5. Daron J, Glover N, Pingault L, Theil S, Jamilloux V, Paux E, et al. Organization and evolution of transposable elements along the bread wheat chromosome 3B. Genome Biol. 2014;15:546.View ArticlePubMedPubMed CentralGoogle Scholar
  6. Kidwell MG. Transposable elements and the evolution of genome size in eukaryotes. Genetica. 2002;115:49–63.View ArticlePubMedGoogle Scholar
  7. Zhang J, Yu C, Krishnaswamy L, Peterson T. Transposable elements as catalysts for chromosome rearrangements. Methods Mol Biol. 2011;701:315–26.View ArticlePubMedGoogle Scholar
  8. Fultz D, Choudury SG, Slotkin RK. Silencing of active transposable elements in plants. Curr Opin Plant Biol. 2015;27:67–76.View ArticlePubMedGoogle Scholar
  9. Urich MA, Nery JR, Lister R, Schmitz RJ, Ecker JR. MethylC-seq library preparation for base-resolution whole-genome bisulfite sequencing. Nat Protoc. 2015;10:475–83.View ArticlePubMedPubMed CentralGoogle Scholar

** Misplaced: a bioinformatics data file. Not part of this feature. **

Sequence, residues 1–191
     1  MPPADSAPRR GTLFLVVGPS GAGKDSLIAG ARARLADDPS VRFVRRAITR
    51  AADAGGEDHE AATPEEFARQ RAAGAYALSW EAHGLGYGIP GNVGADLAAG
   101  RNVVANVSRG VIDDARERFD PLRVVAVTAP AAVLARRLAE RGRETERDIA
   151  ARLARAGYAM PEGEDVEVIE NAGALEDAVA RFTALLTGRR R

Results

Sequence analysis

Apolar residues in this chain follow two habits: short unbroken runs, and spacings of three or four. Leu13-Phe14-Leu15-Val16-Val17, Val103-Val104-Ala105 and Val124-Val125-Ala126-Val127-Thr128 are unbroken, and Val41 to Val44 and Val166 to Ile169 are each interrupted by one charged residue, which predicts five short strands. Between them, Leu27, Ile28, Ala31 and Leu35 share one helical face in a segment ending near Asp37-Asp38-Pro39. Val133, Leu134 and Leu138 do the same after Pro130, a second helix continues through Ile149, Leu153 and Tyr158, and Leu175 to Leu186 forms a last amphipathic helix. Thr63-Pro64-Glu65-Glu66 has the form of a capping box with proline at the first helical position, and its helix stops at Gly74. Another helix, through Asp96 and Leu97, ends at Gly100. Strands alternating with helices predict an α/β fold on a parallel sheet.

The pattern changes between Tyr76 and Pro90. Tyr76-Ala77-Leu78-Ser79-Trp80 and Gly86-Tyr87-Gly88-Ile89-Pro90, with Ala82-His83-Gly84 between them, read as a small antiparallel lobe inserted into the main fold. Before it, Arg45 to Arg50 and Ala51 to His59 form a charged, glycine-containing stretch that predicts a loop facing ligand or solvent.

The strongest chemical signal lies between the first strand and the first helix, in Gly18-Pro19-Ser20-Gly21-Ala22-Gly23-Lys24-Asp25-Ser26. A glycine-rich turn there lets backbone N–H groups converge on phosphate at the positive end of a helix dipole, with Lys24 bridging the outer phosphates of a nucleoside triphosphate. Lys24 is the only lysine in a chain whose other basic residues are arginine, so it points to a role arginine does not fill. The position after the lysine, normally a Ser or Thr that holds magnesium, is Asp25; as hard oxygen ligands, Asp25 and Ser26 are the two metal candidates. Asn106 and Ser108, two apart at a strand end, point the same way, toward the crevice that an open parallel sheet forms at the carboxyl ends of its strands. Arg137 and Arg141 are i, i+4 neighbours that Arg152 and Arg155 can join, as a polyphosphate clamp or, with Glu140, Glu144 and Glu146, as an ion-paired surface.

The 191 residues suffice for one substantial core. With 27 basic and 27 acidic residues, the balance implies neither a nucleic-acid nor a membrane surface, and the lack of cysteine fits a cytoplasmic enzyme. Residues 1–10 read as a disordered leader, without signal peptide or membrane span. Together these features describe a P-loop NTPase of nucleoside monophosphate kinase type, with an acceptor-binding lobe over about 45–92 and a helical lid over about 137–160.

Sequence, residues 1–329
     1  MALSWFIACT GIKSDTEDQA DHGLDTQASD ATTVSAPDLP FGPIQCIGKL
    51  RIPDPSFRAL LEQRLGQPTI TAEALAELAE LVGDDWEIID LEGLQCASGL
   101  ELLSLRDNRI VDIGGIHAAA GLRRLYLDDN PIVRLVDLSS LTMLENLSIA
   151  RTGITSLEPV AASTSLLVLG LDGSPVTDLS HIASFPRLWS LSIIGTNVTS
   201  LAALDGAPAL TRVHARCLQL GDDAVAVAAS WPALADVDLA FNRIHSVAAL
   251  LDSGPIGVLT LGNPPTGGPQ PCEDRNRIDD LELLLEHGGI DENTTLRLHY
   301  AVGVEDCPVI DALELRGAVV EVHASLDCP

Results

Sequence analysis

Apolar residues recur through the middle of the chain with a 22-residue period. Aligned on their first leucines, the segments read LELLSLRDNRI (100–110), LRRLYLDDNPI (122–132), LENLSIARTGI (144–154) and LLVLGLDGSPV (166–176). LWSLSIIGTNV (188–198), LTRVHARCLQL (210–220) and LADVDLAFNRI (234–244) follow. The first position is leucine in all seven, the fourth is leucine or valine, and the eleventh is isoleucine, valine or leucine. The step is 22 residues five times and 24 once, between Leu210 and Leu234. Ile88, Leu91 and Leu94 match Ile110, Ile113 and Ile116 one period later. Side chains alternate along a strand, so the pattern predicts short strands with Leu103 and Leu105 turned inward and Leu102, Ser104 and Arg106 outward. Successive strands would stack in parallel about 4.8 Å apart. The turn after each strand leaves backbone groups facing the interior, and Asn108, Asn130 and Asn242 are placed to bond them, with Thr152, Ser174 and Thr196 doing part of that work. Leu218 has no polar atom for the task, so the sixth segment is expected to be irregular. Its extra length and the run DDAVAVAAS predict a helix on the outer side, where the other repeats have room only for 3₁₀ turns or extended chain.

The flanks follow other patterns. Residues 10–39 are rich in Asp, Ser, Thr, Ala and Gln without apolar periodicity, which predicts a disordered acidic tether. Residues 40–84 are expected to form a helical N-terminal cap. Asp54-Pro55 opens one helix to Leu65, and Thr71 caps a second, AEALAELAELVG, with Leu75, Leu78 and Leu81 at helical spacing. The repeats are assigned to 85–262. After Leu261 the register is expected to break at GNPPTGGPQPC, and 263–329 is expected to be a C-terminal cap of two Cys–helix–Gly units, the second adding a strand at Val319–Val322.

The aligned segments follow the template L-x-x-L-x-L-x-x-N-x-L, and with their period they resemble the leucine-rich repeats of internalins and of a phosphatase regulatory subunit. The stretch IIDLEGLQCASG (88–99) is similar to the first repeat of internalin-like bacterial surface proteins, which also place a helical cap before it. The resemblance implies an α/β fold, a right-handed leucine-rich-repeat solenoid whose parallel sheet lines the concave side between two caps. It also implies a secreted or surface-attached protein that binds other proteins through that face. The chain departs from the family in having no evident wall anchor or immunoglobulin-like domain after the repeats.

10. Jiang N, Bao Z, Zhang X, Hirochika H, Eddy SR, McCouch SR, et al. An active DNA transposon family in rice. Nature. 2003;421:163–7.View ArticlePubMedGoogle Scholar
  11. Ewing AD. Transposable element detection from whole genome sequence data. Mob DNA. 2015;6:164.View ArticleGoogle Scholar
  12. Quadrana L, Bortolini Silveira A, Mayhew GF, LeBlanc C, Martienssen RA, Jeddeloh JA, et al. The Arabidopsis thaliana mobilome and its impact at the species level. Elife. 2016;5:e15716.View ArticlePubMedPubMed CentralGoogle Scholar
  13. Stuart T, Eichten S, Cahn J, Karpievitch Y, Borevitz J, Lister R. Population scale mapping of transposable element diversity reveals links to gene regulation and epigenomic variation. Elife. 2016;5:e20777.View ArticlePubMedPubMed CentralGoogle Scholar